“I want lakùam or 1,00,000.” The lakshyam of those days is like a billion today. That is
how it was. All right, give the sahasrādhīpaþ, a lakh of rupees. “Are you happy now?”

Lakùeśo kùitipālatām. What does he want now? He has all the money. He wants
power now. He is contesting elections. The wealthy wants to be a kùitipāla, a king. Ok,
make him king of one kingdom. “Are you happy now?”

Kùitipatiþ cakreśavat sampadam. “No. I want to be a Chakravarti, the king of


the whole earth.” Ok, make him the king of the whole earth. After six months, go to
him. “Are you happy now?”

Cakreśaþ punarindratam, the one who is the Lord of the whole earth, wants to be
Indra. He wants to be the Lord of Heavens, of the three worlds. All right, make him
Indra. “Hey Indra, are you happy?”

Surapatirbrahmaspadam vànchhati. “I want to become Brahmā”. All right!


Make him Brahmā. “Are you happy?”

Brahma viùõupadam. “I want to become Vishnu”.

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Hariþ harapadam. “I want to be Hara or Śiva”.

Tçùõāvadhim ko gataþ. “Whoever gained the end of the craving?” the verse
concludes. Craving is such that you can never satisfy it! The more you get, the stronger
the craving becomes.

So lobha, or greed can very fittingly be compared to fire. The more you try to
satisfy it, the fiercer it becomes. In the case of kāma and krodha, when you satisfy them,
they leave you at least momentarily. If you satisfy a desire, it goes away momentarily
and similarly, when you express your anger, it goes away for the time being. But lobha
will never go away. Therefore it is compared to a ocean, that is without any bounds.
This is the nature of lobha.

What should one do about lobha? Cultivate santosa or contentment. Be content


with what you have. Know that you can never find contentment from what you have or
what you will get; you have to discover contentment from within yourself. Recognize
that contentment is born of your inner security and that you have to discover this security
in yourself.

We definitely require wealth as well as other things. We need them in our day-to-
day life. We require money, we require some recognition, and we require some power
too. We require all these things. I would suggest that you acquire as much as you can.
You acquire as much money as you can, acquire as much power as you can, and acquire
as much recognition and fame as you can. Do that. But understand that they cannot give
you satisfaction or contentment. They can be the means, but are not the end.

If you look upon these things as the end, they can never fulfill the purpose. Yes,
it is nice to have money, so that you can help. You can serve, and you can contribute. It
is good to have power, recognition and some influence also. Then alone can you help
people. Otherwise you cannot help. To help, to serve requires resources. Money is a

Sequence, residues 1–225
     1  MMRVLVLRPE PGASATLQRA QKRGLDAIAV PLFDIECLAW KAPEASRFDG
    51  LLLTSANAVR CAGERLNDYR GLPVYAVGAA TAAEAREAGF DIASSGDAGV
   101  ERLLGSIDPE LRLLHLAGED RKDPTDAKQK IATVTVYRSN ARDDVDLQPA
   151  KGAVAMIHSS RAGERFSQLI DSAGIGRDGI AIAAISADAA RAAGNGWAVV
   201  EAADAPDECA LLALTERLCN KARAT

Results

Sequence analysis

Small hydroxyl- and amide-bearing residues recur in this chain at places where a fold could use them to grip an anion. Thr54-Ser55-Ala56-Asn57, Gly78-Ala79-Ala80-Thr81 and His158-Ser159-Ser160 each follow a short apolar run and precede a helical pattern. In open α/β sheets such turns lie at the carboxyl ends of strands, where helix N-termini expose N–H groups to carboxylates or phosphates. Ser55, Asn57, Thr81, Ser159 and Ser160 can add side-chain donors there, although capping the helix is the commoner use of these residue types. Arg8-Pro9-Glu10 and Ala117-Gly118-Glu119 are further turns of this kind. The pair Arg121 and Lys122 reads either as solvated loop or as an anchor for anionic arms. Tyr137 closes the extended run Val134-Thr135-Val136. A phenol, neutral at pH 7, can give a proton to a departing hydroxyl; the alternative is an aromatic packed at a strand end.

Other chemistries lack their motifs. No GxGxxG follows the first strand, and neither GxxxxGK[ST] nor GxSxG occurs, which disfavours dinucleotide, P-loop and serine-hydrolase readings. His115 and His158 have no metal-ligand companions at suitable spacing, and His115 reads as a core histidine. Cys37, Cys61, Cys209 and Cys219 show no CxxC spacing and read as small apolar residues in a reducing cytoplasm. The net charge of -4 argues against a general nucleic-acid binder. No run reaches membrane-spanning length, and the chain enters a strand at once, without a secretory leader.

resource; power is a resource; wealth is a resource. Resources are good. You take from
them what you need and make the rest available for others. The contentment you get by
satisfying somebody else is a lasting contentment, much more than the contentment you
get by consuming it yourself. Consuming these things can never give you contentment.

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Santosa is a component of niyama, prescribed in the astānga-yoga of Patañjali2:

sauca-santosa-tapah-svādhyāya- īśvara-pranidhānāni-niyamāh

Niyama comprises purity, contentment, penance, study of scriptures


and meditation upon (or renunciation of fruits of action to) Īśvara.
Patañjali Yogasutra 2-32.
The only antidote for lobha or greed is santosa or contentment. Again, as Śrī
Śankarācharyā says in the Bhajagovindam:

mūóha jahīhi dhanāgamtçùõā§ kuru sadbuddhi§ manasi vitçùõām


yallabhase nijakarmopātta§ vitta§ tena vinodaya cittam

Hey deluded person, may you give up the craving pertaining to


wealth, and entertain the thought of the Lord in the mind free from
craving. Be content with that whatever wealth you get by your
honest work. [Bhaja Govindam, 2]
*****

2
Yama (restraint – non-injury, non-stealing, celibacy, non-acceptance of gifts, truth), niyama (see
definition above), āsana (correct posture), prānāyāma (regulation of breath), pratyāhāra
(withdrawl of the mind), dhāranā (fixing the mind), dhyāna (meditation), samādhi (absorption) are
the eight limbs (steps) to yoga or total absorption.

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Freedom from Worries and Anxieties
Question
How do we become free from worries and anxieties?

Answer
To worry is something natural. It is not as if there can be no worries in life.
Though it would be easy to declare that there are no reasons to worry, there can be some
genuine causes for worry.

Let us understand the nature of worries. Why are we worried? There may be a
question about physical security. Suppose I am subjected to physical abuse, there can be
a worry that I may again be abused. Health can be a cause for worry. Income can be a
cause for worry. The future can be a cause for worry. These are some of the things we
may be worried about.

We must, however, recognize that mere worrying does not help. Worry will not
accomplish anything. If we find ourselves worried about something, we must confront
the object of worry and act upon it. Worried about health, security or income? If we can